The Health Survey for England (HSE) consists of an interview at which height and weight are measured. This enables the calculation of body mass index (BMI), which is defined as weight in kilograms divided by the height in metres squared (kg/m2), a measurement which is used to define overweight or obesity. Adults were classified into the following BMI groups according to the World Health Organisation (WHO) BMI classification:
- Underweight – less than 18.5kg/m2
- Normal – 18.5 to less than 25kg/m2
- Overweight, not obese – 25 to less than 30kg/m2
- Obese, including morbidly obese - 30kg/m2 or more
- Morbidly obese – 40kg/m2 or more
The National Child Measurement Programme (NCMP) was introduced in 2006/07 and collects height and weight measurements for children in Reception (aged 4-5 years) and Year 6 (aged 10-11 years) in mainstream state schools in England. The programme now holds 13 years of data and annually measures over one million children. The national participation rate increased from 80% in 2006/07 to 95% in 2018/19. In the 2019/20 school year, data collection finished early when schools closed in March 2020 due to the Covid-19 pandemic. Data quality analysis carried out indicated that figures from 2019/20 are directly comparable to previous years. For more information, see the National Child Measurement Programme – England, 2019/20: Data Quality Statement. The HSE also collects data on childhood obesity, however as it is a sample the estimates are less precise than those for NCMP.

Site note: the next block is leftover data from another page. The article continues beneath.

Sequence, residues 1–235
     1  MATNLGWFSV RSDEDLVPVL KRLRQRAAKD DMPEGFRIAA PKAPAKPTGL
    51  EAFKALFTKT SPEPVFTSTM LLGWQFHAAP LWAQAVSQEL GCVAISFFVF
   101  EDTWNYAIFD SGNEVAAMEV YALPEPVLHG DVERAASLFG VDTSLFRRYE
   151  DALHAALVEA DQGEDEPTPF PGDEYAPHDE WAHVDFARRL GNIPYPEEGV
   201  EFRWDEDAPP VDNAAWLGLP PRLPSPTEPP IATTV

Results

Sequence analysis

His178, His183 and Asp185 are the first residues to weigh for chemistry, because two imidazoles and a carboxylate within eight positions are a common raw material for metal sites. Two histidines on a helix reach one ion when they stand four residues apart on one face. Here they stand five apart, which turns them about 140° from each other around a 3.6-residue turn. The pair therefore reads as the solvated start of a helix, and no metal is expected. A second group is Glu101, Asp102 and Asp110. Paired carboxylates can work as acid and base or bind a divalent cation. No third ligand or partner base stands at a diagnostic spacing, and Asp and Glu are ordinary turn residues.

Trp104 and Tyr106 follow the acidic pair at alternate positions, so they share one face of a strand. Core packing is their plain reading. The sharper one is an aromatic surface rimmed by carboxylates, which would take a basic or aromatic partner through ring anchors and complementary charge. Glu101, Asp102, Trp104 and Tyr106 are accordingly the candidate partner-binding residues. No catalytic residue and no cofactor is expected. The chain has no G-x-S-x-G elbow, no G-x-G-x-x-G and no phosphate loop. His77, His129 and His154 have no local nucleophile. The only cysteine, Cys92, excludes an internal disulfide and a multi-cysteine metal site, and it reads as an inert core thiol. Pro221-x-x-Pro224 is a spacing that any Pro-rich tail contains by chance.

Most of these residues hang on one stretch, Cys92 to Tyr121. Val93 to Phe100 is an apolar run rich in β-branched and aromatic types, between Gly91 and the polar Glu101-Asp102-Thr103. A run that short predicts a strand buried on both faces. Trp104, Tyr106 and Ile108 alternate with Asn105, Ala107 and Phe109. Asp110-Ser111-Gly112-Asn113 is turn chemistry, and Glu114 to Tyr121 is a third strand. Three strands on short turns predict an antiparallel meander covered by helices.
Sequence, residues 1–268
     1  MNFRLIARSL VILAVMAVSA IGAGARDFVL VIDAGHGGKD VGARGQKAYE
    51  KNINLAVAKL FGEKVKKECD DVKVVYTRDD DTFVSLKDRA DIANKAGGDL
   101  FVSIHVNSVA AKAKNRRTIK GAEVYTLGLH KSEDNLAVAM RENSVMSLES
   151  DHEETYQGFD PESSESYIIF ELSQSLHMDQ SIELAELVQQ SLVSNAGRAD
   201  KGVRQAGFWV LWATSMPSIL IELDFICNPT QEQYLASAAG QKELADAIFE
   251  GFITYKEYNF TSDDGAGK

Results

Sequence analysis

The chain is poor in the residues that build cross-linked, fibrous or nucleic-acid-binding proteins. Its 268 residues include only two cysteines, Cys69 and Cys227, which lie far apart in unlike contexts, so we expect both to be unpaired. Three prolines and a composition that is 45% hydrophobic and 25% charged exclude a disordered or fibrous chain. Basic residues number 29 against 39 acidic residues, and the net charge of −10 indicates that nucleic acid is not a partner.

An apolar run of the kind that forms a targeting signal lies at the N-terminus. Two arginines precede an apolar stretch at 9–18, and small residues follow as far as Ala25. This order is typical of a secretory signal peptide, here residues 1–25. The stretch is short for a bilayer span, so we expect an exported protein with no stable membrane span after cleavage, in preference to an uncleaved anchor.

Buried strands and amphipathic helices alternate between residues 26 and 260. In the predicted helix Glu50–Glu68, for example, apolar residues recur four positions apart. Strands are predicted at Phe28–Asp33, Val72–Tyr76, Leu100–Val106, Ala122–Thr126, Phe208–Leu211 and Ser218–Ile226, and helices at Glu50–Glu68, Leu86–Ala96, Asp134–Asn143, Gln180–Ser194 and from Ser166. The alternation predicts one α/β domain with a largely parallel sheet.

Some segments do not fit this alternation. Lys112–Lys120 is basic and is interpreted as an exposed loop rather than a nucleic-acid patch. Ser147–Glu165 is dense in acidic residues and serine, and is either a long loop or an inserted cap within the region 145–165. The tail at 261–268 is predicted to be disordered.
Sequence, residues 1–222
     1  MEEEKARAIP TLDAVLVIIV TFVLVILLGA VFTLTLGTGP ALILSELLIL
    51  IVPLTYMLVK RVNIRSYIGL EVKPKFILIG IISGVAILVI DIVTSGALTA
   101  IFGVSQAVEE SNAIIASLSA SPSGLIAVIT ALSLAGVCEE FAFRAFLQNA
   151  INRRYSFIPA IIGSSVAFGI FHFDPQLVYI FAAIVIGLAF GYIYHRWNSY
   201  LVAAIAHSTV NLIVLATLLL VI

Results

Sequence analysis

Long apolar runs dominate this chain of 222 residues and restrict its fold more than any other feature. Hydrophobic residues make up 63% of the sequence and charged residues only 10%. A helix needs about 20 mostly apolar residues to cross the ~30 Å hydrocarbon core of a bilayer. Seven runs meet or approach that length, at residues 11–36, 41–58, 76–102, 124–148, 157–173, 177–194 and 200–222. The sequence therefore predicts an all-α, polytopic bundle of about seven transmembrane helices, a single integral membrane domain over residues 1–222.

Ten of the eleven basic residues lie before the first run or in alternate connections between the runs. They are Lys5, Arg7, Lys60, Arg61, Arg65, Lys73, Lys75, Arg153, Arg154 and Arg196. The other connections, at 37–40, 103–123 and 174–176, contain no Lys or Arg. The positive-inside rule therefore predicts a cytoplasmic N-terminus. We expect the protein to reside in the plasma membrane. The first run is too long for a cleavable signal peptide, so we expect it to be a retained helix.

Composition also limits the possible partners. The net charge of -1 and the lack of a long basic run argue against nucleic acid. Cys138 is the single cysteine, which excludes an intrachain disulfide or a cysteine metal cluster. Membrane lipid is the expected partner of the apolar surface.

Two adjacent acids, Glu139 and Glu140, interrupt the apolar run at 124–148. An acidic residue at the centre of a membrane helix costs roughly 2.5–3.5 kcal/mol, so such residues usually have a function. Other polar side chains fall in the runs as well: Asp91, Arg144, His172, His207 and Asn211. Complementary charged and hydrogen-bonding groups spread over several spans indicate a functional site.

The BMI classification of each child is derived by calculating the child's BMI centile and classifying according to age and sex to take into account different growth patterns in boys and girls. The NCMP uses the British 1990 growth reference (UK90) to define BMI classifications. Deprivation is defined by the deprivation decile of the lower super output area of the school the child attends.
It is likely that Year 6 obesity prevalence in the first years of the NCMP (2006/07 to 2008/09) were underestimates due to low participation. This, and the impact of other improvements in data quality, should be considered when making comparisons over time. For further information, see the National Child Measurement Programme - England, 2019/20: Appendices.